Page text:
FAQ About Importer Record Keeping Responsibilities In Canada
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Importers who import commercial goods into Canada must maintain books and records as prescribed by the Customs Act and Regulations. Importers must be prepared to provide access to and copies of to Canada Border Services Agency (CBSA) for trade audit purposes. In this blog, we will explore the do's and don’ts of importer record keeping responsibilities for Customs.

Who Must Keep Records?

  • Resident Importers: These importers reside in Canada and are the Importer of Record (IOR) for the goods they import into Canada.
  • Non-Resident Importers: These importers do not reside in Canada but are the IOR (or NRI) for the goods they import into Canada.
How To Become A Non-Resident Importer Into Canada

What Kind Of Records Must Be Maintained?

As stated in the Government of Canada's Justice Laws website, the types of records that must be maintained are “all records” that relate to:

  • [The] origin, marking, purchase, importation, costs and value of the commercial goods;
  • payment for the commercial goods;
  • the sale or other disposal of the commercial goods in Canada; and
  • any application for an advance ruling made under section 43.1 of the Act in respect of the commercial goods.” 

Responsibilities For Customs Self Assessment Importers (CSA) 

In addition to the types of records noted above, CSA Importers have additional record keeping responsibilities which are:

  • Description and quantity of goods
  • Records related to the shipment of the goods
  • All accounting records for the goods
  • Vendors and consignees (names and addresses) for the goods
  • Records relating to the payment of duties and taxes on the goods

Responsibilities Of End-Use Importers

End-use importers are in the CBSA End-Use Program and import goods free of duty or at a reduced rate based on the specific use of the goods. End-use importers must provide:

  • A record of how the goods imported were actually used and the name, address, and occupation of the user.
  • If the goods were used in a manner not initially stated at importation, records of the applicable duty and taxes paid.

How Long Should Records Be Kept?

All records must be kept for a period of six years following the importation of the commercial goods. 

Where Do The Records Need To Be Kept?

Records should be kept at the importer’s place of business. Importers can request authorization from CBSA to maintain their records at a separate location from their business address. The request and authorization from CBSA must be in writing.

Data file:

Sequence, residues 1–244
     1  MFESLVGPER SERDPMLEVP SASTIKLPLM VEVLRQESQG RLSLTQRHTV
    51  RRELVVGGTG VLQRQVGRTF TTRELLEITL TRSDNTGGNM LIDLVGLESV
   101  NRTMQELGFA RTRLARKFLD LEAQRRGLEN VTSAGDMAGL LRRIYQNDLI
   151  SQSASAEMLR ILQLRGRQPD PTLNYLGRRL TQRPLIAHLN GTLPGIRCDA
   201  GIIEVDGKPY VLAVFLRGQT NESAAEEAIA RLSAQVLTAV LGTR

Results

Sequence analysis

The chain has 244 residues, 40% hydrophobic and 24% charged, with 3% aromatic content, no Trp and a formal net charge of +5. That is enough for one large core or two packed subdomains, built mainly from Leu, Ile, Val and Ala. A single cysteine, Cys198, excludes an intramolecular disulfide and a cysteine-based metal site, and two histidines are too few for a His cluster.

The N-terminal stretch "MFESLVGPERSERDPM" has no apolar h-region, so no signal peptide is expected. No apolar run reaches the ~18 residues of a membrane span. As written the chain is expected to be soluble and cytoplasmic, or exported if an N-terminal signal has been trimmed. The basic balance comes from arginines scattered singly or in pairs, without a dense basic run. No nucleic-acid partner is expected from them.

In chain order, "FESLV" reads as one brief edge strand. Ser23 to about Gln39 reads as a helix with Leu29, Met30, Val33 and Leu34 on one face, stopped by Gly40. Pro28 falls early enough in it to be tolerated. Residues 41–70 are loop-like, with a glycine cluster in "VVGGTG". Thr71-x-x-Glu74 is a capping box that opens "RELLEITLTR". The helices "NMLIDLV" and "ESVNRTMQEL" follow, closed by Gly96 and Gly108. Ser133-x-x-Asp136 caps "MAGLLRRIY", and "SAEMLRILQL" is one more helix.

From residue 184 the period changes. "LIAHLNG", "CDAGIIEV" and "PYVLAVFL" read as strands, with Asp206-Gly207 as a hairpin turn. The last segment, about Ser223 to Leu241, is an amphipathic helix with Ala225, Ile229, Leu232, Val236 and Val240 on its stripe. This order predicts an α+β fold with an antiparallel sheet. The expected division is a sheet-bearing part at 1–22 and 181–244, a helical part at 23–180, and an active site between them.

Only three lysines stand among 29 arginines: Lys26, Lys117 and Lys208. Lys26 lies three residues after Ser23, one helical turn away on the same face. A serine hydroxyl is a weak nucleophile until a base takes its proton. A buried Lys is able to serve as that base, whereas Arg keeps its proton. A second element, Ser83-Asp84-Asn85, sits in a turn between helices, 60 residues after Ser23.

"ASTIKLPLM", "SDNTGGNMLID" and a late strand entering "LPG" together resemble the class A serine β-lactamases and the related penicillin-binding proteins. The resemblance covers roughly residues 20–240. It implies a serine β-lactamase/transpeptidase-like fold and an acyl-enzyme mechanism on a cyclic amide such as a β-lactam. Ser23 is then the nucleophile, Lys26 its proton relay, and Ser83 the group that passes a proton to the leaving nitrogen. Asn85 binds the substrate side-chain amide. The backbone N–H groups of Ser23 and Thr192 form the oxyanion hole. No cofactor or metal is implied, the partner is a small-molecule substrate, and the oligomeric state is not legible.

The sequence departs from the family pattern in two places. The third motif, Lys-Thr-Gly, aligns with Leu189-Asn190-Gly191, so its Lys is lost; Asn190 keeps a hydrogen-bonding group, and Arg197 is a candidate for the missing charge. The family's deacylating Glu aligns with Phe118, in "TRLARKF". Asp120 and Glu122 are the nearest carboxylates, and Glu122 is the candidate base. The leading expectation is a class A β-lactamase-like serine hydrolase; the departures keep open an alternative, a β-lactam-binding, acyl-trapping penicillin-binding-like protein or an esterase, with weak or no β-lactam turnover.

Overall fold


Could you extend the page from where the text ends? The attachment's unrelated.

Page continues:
Non-resident importers who do not maintain an address in Canada may make a request from CBSA to have an agent maintain their records in Canada. Many NRIs have their Canadian customs broker maintain their records.

What Happens If An Importer Does Not Comply With The Prescribed CBSA Record Keeping Regulations?

An importer who does not keep records in the required place and for the appropriate amount of time may be subject to an Administrative Monetary Penalty (AMPS). The applicable AMPS contravention can be found at Administrative Monetary Penalty C299

The penalty for this contravention is a flat rate of $25,000 per audit and the retention period is 36 months.

What Happens If An Importer Fails To Make Their Records Available To CBSA?

An importer who does not provide their records for imported goods to an officer when requested can face an Administrative Monetary Penalty (AMPS). The applicable AMPS contravention can be found at Administrative Monetary Penalty Contravention C157.

The penalty is not a flat rate but rather an escalating penalty that is applied and escalated for each written request. The first contravention is $600 and can escalate to $1,200 for a second request and $2,400 for a third and all subsequent requests. 

Record keeping is a legal requirement for ALL importers regardless of who is “keeping” your records. Further information about the record keeping responsibilities can be found in the CBSA Memorandum D17-1-21.

Our Trade Advisors at PCB can also assist you with meeting all your CBSA record keeping responsibilities.

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About Author
Jan Brock

Jan Brock joined PCB Customs Brokers in 2015 as a Senior Trade Advisor. She retired from Canada Border Services Agency (CBSA) in 2015 after serving more than 37 years. Jan started her career with CBSA as a summer student in 1976 and worked part-time until she graduated from U.B.C. with a Bachelor of Education Degree in 1980 . Shortly after graduating from U.B.C. Jan worked full time as an inspector with CBSA and within three years was promoted to Superintendent. She served some time in the Regional Operations office as an Operations Review Officer before she was promoted to Chief of Operations first at the Customs Mail Centre, then in the Metro District as the Commercial Chief and ending her career as a Chief at Pacific Highway Commercial Operations where she served as Chief from 1992 to 2015. During her career she was a member of the Customs Drug Team and a trainer in the National Enforcement Program. Jan also served as the Regional Coordinator Officer Powers and Use of Force for the Pacific Region. Jan served on many Commercial Program Reviews and committees both national and regional during her career and possesses an expansive knowledge of importing and exporting into and from Canada.

While we strive for accuracy in all our communications, as the Importer of Record it is incumbent upon your company to ensure that you are aware of the requirements under the new regulations so that you maintain compliance as always.